Last night I was reading the book “Feelings
” by Aliki to my almost 7-year-old Isaac. It is great book that discusses emotions; sadly we do not do this often talk about our feelings in regular life. The book discusses anger, happiness, sorrow and fright. On page 30 a small girl stands slightly offstage as she fearfully looks at boy onstage performing before a crowd of thousands. The text that encapsulates this moment is “You’re next Joanna. Don’t be nervous.” Isaac responded to the image by saying, “I would be nervous performing in front of so many people. Would you?”
“Well, Isaac,” I said. “I have spoken in front 5000 people and in rooms of only 20. I find the smaller groups often more challenging. But the most important thing in a speech is that you connect with someone. Even if I only touch the lives of two or three people out of the 20 or 1,000 in a room it is worth it. You never know what friends you will make if you are brave enough to stand up and share.”
This made me think of Gail Zahtz and the day I met her. You might have seen Gail’s writing recently she putting out some great blog posts
and is launching a new tweetchat at 1pm eastern on Tuesday called #cphc or carpool health chat
. I have been having trouble keeping up with her in creative mode. I think I am even somewhat jealous.
See this month is January and I know something about myself in January. I am sad. I will be sad probably for another month. I am always sad this time of year. My spirit ebbs and I desperately want the energy that comes with spring and renewal. I will plow through this time painting and doing my best to comment and to write, but life is lived as a walk through molasses.
So let us go back to May 2012, to light and life and fresh flowers. On May 7-9th
I had the honor of attending the ICSI Institute of Clinical Systems ImprovementColloquium in Minneapolis, Minnesota
. Gary Oftedahl
, chief knowledge officer of ICSI, invited me. He joined the gallery prior to the event and I brought his jacket with me. His jacket is entitled “The Two Paths.” I made the two paths function both as roads and as hands in supplication. On the left hand side, patients and doctors are working as a team. On the right doctors are at a distance and often on a pedestal. But there is hope. Some doctors from both sides are reaching out to each other in open communication. Gary liked it and told me I was free to paint in any session I wished.
As walked down the hall with my supplies I ran into Professor Brian Isetts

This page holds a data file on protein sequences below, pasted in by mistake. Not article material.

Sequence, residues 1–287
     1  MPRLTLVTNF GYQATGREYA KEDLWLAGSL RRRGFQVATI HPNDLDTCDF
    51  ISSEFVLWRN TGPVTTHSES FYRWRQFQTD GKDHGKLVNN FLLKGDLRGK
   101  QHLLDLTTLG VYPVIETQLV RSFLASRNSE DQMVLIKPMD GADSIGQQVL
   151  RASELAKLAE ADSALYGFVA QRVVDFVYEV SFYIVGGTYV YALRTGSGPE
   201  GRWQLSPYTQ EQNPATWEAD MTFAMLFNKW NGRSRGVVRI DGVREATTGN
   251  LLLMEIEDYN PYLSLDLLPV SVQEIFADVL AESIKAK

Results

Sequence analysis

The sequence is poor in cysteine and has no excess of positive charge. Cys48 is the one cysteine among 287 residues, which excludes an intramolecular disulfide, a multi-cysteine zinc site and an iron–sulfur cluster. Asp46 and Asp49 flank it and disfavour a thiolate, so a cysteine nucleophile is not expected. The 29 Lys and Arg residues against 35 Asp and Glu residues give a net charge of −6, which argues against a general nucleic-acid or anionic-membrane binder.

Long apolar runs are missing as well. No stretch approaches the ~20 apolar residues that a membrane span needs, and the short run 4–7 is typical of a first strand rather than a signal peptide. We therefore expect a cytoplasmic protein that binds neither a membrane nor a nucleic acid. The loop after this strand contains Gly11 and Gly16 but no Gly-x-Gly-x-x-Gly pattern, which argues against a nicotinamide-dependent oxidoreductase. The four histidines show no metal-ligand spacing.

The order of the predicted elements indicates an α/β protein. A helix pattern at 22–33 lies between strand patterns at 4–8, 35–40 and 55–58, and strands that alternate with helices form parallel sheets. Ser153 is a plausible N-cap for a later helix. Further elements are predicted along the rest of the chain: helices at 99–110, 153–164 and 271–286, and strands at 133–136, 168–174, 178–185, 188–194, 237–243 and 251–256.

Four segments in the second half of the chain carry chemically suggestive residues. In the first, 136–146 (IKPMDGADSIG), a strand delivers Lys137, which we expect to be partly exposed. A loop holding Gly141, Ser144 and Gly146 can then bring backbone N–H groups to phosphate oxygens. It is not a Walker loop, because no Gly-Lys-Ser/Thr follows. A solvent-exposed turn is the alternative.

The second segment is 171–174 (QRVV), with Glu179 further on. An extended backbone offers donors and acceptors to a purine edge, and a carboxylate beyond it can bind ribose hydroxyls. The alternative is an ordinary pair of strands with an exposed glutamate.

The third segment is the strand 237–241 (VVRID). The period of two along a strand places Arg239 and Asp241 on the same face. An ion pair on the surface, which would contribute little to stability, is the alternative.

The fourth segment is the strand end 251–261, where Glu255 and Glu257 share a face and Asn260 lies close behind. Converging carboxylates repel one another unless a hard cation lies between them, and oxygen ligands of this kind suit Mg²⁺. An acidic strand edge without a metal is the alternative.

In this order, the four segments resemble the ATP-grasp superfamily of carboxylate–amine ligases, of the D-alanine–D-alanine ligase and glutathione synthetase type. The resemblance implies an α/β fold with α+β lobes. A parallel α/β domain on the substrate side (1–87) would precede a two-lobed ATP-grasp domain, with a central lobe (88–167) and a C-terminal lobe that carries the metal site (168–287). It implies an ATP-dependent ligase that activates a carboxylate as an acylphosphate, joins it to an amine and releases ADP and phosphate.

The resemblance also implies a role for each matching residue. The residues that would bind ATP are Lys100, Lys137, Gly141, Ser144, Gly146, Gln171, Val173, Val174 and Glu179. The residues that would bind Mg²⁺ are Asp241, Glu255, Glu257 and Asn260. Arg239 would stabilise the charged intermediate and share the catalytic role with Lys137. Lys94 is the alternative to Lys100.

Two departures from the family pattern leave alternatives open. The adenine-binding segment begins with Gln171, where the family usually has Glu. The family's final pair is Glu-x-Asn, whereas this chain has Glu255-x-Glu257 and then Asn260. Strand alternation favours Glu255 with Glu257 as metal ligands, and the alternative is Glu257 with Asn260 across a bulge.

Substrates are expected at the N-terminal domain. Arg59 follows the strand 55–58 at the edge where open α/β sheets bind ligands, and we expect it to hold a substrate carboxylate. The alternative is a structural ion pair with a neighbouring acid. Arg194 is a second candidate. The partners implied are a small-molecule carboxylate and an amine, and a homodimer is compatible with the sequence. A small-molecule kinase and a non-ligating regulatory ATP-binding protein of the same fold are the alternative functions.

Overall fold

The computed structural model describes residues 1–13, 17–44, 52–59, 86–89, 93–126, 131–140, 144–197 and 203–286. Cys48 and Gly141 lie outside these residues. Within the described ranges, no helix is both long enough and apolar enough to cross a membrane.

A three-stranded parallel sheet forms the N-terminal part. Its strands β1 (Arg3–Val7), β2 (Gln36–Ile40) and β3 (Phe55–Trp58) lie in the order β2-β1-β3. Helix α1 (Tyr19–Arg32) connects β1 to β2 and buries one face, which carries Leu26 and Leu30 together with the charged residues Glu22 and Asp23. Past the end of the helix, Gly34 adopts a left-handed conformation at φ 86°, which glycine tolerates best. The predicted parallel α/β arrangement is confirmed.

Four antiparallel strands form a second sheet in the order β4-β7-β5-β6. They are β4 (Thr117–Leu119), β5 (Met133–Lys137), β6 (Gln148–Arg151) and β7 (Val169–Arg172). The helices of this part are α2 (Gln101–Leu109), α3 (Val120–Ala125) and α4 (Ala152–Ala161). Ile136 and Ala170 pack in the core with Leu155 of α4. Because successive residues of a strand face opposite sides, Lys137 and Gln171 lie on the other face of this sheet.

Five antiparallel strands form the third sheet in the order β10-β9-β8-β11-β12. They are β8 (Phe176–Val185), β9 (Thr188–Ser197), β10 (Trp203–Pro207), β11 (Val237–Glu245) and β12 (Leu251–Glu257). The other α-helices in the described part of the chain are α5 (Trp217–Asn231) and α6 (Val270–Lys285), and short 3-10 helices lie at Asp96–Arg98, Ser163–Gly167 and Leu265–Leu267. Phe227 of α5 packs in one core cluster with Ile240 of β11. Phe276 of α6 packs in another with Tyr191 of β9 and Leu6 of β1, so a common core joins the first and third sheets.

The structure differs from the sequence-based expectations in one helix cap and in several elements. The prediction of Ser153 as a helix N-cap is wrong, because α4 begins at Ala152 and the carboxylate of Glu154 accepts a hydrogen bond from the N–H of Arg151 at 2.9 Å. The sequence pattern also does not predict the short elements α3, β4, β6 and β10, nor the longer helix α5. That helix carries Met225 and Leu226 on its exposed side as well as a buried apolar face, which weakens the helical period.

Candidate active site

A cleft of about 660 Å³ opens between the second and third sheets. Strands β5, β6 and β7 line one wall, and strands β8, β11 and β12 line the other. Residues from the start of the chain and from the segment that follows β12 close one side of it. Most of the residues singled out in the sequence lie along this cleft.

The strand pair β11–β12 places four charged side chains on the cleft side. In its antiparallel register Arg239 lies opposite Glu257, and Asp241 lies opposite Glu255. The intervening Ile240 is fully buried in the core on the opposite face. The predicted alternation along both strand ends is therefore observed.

. I had met Brian at the Partnership for Patients kick-off in the summer of 2011, as he was a CMS Health Policy Fellow. He was so pleased to see me and asked if I would paint the session he was moderating. It was a wonderful presentation on medical reconciliation and patient communication. I painted the painting “Reconciliationship.”
This painting tells the story of when Brian met Edward and Sharon Jungbauer. Edward was a two-time kidney transplant recipient, has had two hip replacements, diabetes, hypertension and several other conditions. When Brian and his students met Edward he was on so many types of medication it was hard to understand what Edward was taking. Brian and his student team helped consolidate the list and make it much more manageable. So in the painting Edward stands on the brink of a cliff. His pills are dropping into the hands of the students as Brian the scholar orchestrates their distribution.
Whilst this is going on, Sharon is trying to help her sister. Her sister has been sent home with poor instructions for care and is in the process of overmedication. Fortunately Sharon realizes something is wrong and gets help. Brian loved the painting and it currently hangs in his office in Minnesota.
On May 8th
I began the second painting, “ The Lone Nut.” I began this painting in the main assembly hall as we tried vainly to follow Chief Technology Officer of the United States Todd Park
present a keynote speech using Skype. (He was supposed to be there in person but the Office of Business and Management had recently directed a 30% reduction in the federal travel budget.) It was painful and somewhat ironic to watch. The audio did not sync and it was very hard to understand his presentation. The audience made up of mostly of residents of the great state of Minnesota sat stoically through it all with only a few murmurs of complaint. During this I began painting the stylized pencil logo of the conference.